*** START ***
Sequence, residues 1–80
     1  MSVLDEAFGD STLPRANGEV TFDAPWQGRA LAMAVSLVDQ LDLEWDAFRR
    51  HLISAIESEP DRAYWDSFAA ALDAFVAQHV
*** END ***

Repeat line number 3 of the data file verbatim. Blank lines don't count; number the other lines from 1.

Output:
    51  HLISAIESEP DRAYWDSFAA ALDAFVAQHV